Failing to prioritize cybersecurity can have severe repercussions, including reputational damage, financial loss, and compromised sensitive information.
Over the past few years, the landscape of cybersecurity has undergone significant changes, marked by the emergence of new threats and technologies, as well as the obsolescence of old ones. In today's world, where technology plays a critical role in both our personal and professional lives, it has become more important than ever to have robust cybersecurity measures in place to protect against threats such as data breaches, hackers, and malware. Failing to prioritize cybersecurity can have severe repercussions, including reputational damage, financial loss, and compromised sensitive information.
Here are several common mistakes that organizations have made in the recent past.
Failing to update software and security patches
Not keeping software up to date can be risky as new security vulnerabilities are regularly identified and patched by software vendors. Zero-day vulnerabilities, where no patch yet exists from the vendor, can quickly become N-day vulnerabilities, meaning a patch has been issued but the organization has not applied it. N-days are potentially more dangerous than zero-days because the vulnerability’s existence is now public, and threat actors are quick to develop exploits and search for organizations that have not been patched yet.
Proactive maintenance can help protect data centers and networks against breaches and data loss. The challenge is that patching is time-consuming.
Using weak and easily guessable passwords or reusing the same password for multiple accounts
This is a common mistake that can seriously affect cybersecurity. Passwords are the first line of defense against unauthorized access to an online account or device, so it is crucial to use strong and unique passwords.
Maintaining a secure identity and account protection is critical for everyone in today’s connected world. Unfortunately, keeping track of multiple passwords is difficult, prompting many people to reuse the same or similar passwords on multiple accounts, which is a dangerous security practice.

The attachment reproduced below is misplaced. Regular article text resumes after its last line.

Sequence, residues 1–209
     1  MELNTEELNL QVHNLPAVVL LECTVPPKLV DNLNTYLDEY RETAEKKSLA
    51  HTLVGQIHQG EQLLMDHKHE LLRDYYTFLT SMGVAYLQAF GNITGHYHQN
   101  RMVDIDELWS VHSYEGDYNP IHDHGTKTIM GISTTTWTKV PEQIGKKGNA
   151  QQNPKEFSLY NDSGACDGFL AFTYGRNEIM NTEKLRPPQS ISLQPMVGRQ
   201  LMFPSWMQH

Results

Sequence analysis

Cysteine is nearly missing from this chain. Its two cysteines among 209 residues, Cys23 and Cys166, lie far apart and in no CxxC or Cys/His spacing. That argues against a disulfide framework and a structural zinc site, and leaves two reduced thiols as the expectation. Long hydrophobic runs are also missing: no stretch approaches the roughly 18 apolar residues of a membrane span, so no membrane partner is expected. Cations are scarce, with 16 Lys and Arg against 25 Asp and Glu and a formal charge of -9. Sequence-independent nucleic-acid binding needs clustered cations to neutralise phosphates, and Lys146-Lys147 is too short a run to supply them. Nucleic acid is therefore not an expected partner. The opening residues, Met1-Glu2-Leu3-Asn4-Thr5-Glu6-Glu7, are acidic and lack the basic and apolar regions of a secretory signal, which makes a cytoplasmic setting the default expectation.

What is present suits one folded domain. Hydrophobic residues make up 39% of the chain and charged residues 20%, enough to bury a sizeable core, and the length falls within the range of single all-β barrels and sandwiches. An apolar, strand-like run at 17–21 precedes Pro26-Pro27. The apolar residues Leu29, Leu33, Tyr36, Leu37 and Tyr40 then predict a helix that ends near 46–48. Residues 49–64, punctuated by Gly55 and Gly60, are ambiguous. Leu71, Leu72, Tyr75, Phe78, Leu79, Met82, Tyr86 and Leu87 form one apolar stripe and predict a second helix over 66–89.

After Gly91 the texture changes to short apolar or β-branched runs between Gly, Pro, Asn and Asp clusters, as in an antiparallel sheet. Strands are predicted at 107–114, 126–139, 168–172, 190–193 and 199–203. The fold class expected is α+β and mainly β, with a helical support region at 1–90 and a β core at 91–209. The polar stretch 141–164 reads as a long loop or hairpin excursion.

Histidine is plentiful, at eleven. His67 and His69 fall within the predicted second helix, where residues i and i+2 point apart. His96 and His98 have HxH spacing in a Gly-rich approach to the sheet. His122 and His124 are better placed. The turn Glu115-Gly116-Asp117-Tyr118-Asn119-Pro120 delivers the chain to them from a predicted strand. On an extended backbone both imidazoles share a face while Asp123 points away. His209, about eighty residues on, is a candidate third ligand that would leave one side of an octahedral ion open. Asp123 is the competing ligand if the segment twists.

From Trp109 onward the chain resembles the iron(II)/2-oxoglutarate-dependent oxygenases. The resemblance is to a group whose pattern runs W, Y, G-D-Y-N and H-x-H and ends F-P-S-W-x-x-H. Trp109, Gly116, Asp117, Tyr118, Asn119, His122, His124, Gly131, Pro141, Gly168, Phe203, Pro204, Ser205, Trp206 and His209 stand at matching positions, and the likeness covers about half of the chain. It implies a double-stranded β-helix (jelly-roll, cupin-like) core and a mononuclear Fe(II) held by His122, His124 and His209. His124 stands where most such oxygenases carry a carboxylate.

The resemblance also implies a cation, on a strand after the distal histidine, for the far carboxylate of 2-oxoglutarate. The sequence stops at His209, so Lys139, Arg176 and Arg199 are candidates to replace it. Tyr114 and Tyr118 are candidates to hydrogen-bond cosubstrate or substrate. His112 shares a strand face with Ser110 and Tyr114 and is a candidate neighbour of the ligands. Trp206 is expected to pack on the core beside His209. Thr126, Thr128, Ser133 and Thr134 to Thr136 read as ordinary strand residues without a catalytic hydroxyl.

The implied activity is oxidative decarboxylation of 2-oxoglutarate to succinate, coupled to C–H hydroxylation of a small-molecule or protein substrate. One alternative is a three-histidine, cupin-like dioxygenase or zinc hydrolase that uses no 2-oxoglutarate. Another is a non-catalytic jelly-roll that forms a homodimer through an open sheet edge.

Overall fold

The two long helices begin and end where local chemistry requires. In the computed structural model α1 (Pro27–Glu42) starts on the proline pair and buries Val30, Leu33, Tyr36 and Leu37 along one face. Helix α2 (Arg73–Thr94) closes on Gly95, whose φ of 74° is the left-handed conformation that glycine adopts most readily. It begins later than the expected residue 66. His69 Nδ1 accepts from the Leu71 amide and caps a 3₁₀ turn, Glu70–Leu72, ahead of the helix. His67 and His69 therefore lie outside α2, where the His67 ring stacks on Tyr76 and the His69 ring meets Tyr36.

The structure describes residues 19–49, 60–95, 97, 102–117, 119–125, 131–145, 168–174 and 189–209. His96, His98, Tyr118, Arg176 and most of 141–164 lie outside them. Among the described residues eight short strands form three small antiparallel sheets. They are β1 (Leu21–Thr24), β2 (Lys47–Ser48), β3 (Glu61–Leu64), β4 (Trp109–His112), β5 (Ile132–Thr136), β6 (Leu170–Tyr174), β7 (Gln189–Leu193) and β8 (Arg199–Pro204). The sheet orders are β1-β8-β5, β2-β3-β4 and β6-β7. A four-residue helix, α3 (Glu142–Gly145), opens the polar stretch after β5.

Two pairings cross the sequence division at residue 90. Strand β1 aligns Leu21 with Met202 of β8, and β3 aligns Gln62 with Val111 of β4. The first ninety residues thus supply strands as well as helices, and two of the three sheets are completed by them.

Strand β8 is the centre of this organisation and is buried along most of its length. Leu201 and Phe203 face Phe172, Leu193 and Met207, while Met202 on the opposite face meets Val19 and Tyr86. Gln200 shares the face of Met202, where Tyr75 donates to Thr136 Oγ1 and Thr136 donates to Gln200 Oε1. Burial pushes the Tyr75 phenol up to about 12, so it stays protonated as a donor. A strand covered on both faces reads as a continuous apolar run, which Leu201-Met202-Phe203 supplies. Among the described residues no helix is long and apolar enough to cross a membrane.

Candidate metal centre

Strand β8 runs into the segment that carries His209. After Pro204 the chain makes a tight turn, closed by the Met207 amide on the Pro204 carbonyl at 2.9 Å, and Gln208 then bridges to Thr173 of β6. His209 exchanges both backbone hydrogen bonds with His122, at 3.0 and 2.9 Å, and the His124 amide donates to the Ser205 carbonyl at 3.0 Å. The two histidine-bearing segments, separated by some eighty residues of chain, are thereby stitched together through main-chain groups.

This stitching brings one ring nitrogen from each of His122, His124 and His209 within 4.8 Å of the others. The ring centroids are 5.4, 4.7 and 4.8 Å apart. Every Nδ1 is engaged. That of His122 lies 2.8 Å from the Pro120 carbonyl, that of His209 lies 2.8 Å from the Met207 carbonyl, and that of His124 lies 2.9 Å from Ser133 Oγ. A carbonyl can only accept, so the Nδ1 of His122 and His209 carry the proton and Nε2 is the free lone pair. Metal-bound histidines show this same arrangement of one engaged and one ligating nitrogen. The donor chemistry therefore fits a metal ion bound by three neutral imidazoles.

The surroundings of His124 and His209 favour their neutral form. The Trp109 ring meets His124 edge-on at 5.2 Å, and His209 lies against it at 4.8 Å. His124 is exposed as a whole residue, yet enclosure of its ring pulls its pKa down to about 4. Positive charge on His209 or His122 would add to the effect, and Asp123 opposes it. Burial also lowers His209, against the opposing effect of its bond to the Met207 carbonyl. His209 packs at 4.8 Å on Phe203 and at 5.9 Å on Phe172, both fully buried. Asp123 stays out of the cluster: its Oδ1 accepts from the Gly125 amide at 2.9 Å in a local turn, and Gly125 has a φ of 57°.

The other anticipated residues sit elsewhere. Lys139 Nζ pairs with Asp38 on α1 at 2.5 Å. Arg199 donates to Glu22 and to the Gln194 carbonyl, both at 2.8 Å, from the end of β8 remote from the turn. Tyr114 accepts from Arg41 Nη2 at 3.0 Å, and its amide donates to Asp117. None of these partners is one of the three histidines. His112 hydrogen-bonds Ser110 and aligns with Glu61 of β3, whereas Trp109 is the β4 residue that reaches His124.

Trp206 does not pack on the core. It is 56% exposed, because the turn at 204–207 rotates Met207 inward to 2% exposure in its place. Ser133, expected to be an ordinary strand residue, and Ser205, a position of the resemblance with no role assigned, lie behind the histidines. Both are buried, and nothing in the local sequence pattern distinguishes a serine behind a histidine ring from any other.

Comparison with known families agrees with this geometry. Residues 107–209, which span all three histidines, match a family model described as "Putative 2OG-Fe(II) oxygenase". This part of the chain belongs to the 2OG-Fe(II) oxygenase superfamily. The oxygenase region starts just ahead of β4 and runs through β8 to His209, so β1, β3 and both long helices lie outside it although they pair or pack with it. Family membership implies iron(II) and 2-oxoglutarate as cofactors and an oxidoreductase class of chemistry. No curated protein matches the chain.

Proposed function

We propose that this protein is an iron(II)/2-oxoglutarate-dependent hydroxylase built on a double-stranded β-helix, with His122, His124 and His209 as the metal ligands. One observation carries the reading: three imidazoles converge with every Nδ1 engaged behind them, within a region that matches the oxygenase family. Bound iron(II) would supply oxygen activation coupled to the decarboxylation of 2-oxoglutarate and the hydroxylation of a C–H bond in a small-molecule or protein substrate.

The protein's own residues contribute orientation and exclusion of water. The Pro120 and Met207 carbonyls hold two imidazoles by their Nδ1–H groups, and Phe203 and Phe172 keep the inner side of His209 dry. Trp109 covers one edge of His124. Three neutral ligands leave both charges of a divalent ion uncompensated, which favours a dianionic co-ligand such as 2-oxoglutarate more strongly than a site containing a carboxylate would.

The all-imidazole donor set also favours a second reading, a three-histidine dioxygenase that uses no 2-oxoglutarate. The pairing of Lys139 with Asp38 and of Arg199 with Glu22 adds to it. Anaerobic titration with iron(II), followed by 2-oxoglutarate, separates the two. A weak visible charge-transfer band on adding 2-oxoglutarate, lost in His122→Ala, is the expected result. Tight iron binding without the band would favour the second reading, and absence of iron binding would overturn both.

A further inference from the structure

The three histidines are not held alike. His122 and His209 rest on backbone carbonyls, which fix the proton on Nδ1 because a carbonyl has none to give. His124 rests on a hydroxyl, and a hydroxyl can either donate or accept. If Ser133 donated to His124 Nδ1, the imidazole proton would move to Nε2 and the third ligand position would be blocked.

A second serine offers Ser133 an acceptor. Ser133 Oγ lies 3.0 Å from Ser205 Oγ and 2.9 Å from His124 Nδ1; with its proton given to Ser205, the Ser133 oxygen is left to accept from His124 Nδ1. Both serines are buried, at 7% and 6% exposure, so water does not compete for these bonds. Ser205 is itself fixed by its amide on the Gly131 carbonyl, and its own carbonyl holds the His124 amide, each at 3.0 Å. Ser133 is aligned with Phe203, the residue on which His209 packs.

Neglecting to back up important data
Neglecting to back up necessary data is a mistake for cybersecurity because it can have severe consequences in the event of a cyber-attack or other incident resulting in data loss. Backing up data regularly creates a copy of important files and information, which can be used to restore the original data if it is lost or corrupted. Without backups, recovering lost or damaged data may be impossible, leading to significant disruption, financial loss, or other negative consequences.
Falling for phishing scams
There has been an increase in phishing attacks and in the amount requested in wire transfer Business Email Compromise (BEC) attacks, and industries such as healthcare and transportation have seen an increase in ransomware attacks. Threats on social media have also risen. Mobile phone-based fraud, such as smishing and vishing, has also increased. These trends highlight the ongoing and evolving nature of cybersecurity risks from phishing attacks.
Increasingly sophisticated phishing scams are posing a serious threat to personal and financial security. Fraudulent emails or websites appear legitimate but deceive victims into giving away sensitive information, which can be detrimental if malicious actors access them. Furthermore, these attacks often serve as entry points for malware distribution, which poses yet another risk to the victim’s device and data systems.